Hilda and Caedmon

Hilda of Whitby

Hilda of Whitby

We have come to the feast day of Abess Hilda of Whitby. Saint Hilda was great leader of the Church in England and the first patron of English Christian poetry. She also presided at the crucial and controversial Synod of Whitby and brought that Synod to a fruitful and peaceful conclusion. When I posted this sonnet on her feast day some years ago it happened that the church’s General Synod was meeting and I had that in mind as part of my prayerful remembrance of Hilda, as you will hear in the preamble to the recording of the poem.

This year its another aspect of her story I’d like to highlight, to which I also allude in my poem. This is the story of Caedmon, the earliest English poet whose name is known. Bede tells the story of how he came to his vocation as a poet:

According to Bede, Cædmon was a lay brother who cared for the animals at the monastery Streonæshalch (now known as Whitby Abbey). One evening, while the monks were feasting, singing, and playing a harp, Cædmon left early to sleep with the animals because he knew no songs. The impression clearly given by St. Bede is that he lacked the knowledge of how to compose the lyrics to songs. While asleep, he had a dream in which “someone” (quidam) approached him and asked him to sing principium creaturarum, “the beginning of created things.” After first refusing to sing, Cædmon subsequently produced a short eulogistic poem praising God, the Creator of heaven and earth.

Upon awakening the next morning, Cædmon remembered everything he had sung and added additional lines to his poem. He told his foreman about his dream and gift and was taken immediately to see the abbess. The abbess and her counsellors asked Cædmon about his vision and, satisfied that it was a gift from God, gave him a new commission, this time for a poem based on “a passage of sacred history or doctrine”, (account taken from this Wiki article )

So as I remember Hilda with thanksgiving I also give thanks for all the churches and church leaders who have been patrons of the arts and especially those who have found a space and place for poetry in liturgy. I give thanks too for all those churches who have chosen to weave my own poems into liturgy and sermons and pray that those words have been fruitful

The icon of Hilda above is from the St. Albans Parish website The Daily Cup

The sonnet also appears in my second poetry book with Canterbury Press, The Singing Bowl

As always you can hear me read the sonnet by clicking on its title or on the play button

Hilda of Whitby

Called to a conflict and a clash of cultures,

Where insults flew whilst synod was in session,

You had the gift to find the gift in others,

A woman’s wisdom, deftness and discretion.

You made a space and place for poetry

When outcast Caedmon, crouching in the byre,

Was called by grace into community

And local language joined the Latin choir.

Abbess we need your help, we need your wisdom,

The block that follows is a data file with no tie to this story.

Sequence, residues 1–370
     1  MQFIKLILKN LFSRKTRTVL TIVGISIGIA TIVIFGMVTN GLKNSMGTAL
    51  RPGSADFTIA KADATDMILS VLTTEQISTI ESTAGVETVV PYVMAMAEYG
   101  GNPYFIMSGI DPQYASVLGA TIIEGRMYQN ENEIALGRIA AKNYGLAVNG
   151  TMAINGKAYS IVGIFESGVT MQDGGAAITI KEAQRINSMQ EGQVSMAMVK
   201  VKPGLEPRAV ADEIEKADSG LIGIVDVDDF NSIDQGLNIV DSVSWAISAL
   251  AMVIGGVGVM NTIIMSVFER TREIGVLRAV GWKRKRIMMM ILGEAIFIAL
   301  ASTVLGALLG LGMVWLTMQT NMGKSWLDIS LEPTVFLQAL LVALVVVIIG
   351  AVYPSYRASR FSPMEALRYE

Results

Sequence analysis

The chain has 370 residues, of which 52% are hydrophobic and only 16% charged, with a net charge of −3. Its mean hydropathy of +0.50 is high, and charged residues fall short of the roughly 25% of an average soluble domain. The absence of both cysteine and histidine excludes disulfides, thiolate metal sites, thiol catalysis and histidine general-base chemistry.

Your strong recourse to reconciliation,

Your power tempered by God’s hidden kingdom,

Your exercise of true imagination.

Pray for our synods now, princess of peace,

That every fettered gift may find release.

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Filed under christianity, Poems

7 responses to “Hilda and Caedmon

  1. Diann Sherwin

    Beautiful! And How appropriate for this time in the American Catholic Church!!

  2. Marcia Smith

    “ Abbess we need your help, we need your wisdom,

    Your strong recourse to reconciliation,

    Your power tempered by God’s hidden kingdom,

    Your exercise of true imagination…”

    Just beautiful, sir. These lines woke my weary heart to imagine once again what Christ will and is tempering deep within my soul even now. A wise woman who cultivates peace, who allows the Spirit to be the true channel for her own strong spirit, who sees and calls out the beautiful and sacred in the ordinary through the disciplines of wonder and creativity—this is my desire.

    It calls to mind the tale of Sarah Smith of Golders Green, painted by Lewis in his book The Great Divorce, which you no doubt are quite familiar with: a queenly woman surrounded by hosts of dancing angels, girls and boys and animals, whom the narrator assumes was nobility on earth, but in fact was relatively unknown, except by the many she drew into her love through acts of kindness and hospitality.
    …“In her they became themselves. And now the abundance of life she has in Christ from the Father flows over into them.”
    I looked at my Teacher in amazement.
    “Yes,” he said. “It is like when you throw a stone into a pool, and the concentric waves spread out further and further. Who knows where it will end? Redeemed humanity is still young, it has hardly come to its full strength. But already there is joy enough in the little finger of a great saint such as yonder lady to waken all the dead things of the universe into life.”

    • malcolmguite

      Yes indeed and that is one of my favourite passages in all of Lewis!

      • Marcia Smith

        Oh, well I love hearing this! Several of the stories from The Great Divorce, but that one in particular, are fixed in my imagination for the rest of my life, I believe. Yes, an easy favorite. 🙂

  3. MICHAEL Tan Creti

    It is good to remind ourselves that clash of cultures is not a new thing. I particularly like the line: “And local language joined the Latin choir.” I would argue that the vernacular, the result of Babel, is the language of story, and without the story we not only lose the past, but have no future. Michael in Omaha

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